Best Buy Co. is suing Visa and Mastercard for allegedly violating antitrust and unfair business practices laws regarding plastic card payments.The Visa-Master Card cases is a textbook example of the flaw in antitrust thinking. Prior to the rise of Visa and Master Card, there was no such thing as nationally-accepted credit cards. Credit itself was originally a concept where individual store owners would allow customers to purchase goods now and pay later. Department stores became the initial issuer of plastic credit cards in the mid-20th century. Visa and Master Card came along later as an alliance of banks that formed a national network to process credit orders. Individual banks issue the cards, while Visa and Master Card maintain the infrastructure necessary to ensure compatibility from merchant-to-merchant.
Best Buy contends Visa and MasterCard's rules unfairly force it to accept their check cards and prepaid cards if it also chooses to accept their credit cards. The company claims that system forces it to pay high prices for taking check and prepaid cards and harms competition.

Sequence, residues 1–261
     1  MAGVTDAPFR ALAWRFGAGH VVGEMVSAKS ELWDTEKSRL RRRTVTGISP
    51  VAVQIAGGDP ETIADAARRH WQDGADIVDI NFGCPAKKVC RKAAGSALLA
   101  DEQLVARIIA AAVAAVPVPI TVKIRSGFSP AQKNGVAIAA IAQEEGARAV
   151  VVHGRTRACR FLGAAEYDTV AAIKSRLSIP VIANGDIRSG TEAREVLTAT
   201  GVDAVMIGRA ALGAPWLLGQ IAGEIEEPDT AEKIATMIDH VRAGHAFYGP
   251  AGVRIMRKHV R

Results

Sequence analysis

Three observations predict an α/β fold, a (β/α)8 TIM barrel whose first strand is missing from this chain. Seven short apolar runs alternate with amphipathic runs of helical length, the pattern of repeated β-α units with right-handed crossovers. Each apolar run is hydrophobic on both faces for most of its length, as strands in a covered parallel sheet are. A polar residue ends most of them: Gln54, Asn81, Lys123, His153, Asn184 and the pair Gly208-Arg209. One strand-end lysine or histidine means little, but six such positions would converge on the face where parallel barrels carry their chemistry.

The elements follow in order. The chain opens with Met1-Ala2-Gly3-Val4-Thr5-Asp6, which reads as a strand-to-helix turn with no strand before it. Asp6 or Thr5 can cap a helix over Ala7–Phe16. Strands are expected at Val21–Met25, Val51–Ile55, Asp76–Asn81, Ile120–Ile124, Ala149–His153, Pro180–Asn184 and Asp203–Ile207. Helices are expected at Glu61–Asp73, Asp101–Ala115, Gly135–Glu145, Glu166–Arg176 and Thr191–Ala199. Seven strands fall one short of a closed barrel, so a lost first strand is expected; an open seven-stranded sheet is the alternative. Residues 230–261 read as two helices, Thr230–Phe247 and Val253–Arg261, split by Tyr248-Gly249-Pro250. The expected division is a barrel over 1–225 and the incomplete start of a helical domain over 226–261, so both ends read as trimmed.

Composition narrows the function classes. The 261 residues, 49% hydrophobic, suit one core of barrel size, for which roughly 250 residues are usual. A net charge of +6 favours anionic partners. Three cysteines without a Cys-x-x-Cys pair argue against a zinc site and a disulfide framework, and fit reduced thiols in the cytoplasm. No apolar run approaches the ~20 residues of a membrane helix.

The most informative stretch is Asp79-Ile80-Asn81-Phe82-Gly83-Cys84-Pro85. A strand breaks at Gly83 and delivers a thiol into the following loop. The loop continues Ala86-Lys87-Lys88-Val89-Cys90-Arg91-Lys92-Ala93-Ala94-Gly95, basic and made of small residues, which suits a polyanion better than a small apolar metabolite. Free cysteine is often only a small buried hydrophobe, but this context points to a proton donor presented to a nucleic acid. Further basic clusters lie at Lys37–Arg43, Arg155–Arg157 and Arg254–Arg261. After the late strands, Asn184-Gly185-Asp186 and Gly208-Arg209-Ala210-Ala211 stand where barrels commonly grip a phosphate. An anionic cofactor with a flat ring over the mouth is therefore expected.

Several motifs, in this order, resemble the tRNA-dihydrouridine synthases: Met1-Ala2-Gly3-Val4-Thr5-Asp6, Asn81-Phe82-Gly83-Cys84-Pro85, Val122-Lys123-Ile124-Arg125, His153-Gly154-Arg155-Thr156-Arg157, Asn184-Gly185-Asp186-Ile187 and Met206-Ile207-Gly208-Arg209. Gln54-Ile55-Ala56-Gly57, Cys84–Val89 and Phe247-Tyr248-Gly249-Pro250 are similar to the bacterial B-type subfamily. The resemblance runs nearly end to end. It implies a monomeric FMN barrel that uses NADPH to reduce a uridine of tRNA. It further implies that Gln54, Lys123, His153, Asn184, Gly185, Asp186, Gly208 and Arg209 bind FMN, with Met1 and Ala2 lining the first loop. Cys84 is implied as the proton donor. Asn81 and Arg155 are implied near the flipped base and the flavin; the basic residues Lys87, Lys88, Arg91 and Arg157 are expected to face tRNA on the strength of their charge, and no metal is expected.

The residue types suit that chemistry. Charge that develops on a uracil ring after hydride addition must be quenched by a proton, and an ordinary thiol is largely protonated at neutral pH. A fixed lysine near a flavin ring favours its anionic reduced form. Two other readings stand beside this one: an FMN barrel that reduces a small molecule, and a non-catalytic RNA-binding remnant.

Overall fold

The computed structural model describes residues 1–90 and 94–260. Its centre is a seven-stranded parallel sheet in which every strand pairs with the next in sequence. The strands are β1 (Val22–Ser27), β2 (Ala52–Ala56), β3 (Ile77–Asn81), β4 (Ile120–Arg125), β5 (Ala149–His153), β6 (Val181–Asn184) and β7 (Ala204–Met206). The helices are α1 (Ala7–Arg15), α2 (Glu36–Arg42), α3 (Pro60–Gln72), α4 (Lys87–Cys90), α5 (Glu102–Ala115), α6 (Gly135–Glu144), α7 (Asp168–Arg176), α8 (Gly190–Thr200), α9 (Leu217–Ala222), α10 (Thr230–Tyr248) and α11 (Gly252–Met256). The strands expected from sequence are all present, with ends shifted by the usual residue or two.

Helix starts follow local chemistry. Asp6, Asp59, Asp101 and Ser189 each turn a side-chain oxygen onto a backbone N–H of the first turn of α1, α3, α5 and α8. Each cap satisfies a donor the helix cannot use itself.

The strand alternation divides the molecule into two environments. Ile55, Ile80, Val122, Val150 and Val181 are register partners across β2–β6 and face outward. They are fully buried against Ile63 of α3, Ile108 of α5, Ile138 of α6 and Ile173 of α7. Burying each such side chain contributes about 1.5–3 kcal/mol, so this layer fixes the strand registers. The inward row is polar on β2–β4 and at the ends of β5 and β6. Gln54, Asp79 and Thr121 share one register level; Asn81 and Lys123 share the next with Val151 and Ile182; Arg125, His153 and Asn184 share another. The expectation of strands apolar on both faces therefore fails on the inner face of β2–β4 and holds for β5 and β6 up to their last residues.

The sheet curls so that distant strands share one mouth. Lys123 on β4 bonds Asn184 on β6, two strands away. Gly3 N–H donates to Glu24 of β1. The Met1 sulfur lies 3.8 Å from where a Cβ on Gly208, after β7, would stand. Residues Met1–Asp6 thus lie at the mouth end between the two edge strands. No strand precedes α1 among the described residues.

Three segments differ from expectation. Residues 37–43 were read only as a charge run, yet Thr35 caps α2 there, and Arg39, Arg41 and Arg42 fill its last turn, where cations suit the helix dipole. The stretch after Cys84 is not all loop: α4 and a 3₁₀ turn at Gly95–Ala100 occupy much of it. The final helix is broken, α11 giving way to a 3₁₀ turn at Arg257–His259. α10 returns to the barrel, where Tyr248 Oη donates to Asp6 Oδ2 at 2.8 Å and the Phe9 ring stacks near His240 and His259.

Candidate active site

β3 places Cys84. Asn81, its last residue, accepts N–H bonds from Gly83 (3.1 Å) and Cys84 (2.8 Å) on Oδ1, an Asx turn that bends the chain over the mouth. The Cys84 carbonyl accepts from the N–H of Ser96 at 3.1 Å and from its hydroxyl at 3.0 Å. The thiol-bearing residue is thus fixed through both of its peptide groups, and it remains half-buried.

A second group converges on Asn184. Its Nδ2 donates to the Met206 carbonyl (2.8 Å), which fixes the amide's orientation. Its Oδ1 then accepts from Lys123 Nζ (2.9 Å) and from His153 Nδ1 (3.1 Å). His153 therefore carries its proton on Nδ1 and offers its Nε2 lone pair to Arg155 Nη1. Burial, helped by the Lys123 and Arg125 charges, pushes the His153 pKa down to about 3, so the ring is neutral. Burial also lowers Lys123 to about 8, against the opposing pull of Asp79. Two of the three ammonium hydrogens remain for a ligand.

Visa and MasterCard have agreed to pay $3 billion to thousands of retailers to settle a 1996 lawsuit that accused the credit card companies of abusing their market power in charging high merchant fees. But Best Buy and a handful of other retailers opted out of that class-action lawsuit to pursue their own claims.
Without Visa and Master Card—and their allegedly "monopolistic" fee practices—many of today's large retailers would not exist. Imagine running Wal-Mart, a lead plaintiff in the class-action settlement, without any bank-financed credit cards. The stores may complain about high credit-processing fees, but the price they would pay without Visa and Master Card are far higher, both in terms of sales and administration.
The problem however, as it always seems to be in antitrust, is that success breeds a sense of entitlement among the consumer base. Because Visa and Master Card have created incredibly effective networks, the retailers now seem to view credit card processing as a form of public utility—something that they're entitled to use regardless of ability or desire to pay. The Justice Department, in continuing their own antitrust case against Visa and Master Card, wholeheartedly subscribe to this theory as well. The potential fear, then, is that government regulators will seek to increase their direct control over credit card processing to the point where it does become a quasi-public utility, a la the telephone companies.
I'm not sure Visa and Master Card have quite figured that out yet. They appear to be writing off these antitrust suits as a cost of doing business, a common attitude among large corporations. But at some point they may come to understand their survival is at stake. Hopefully that realization won't come too late.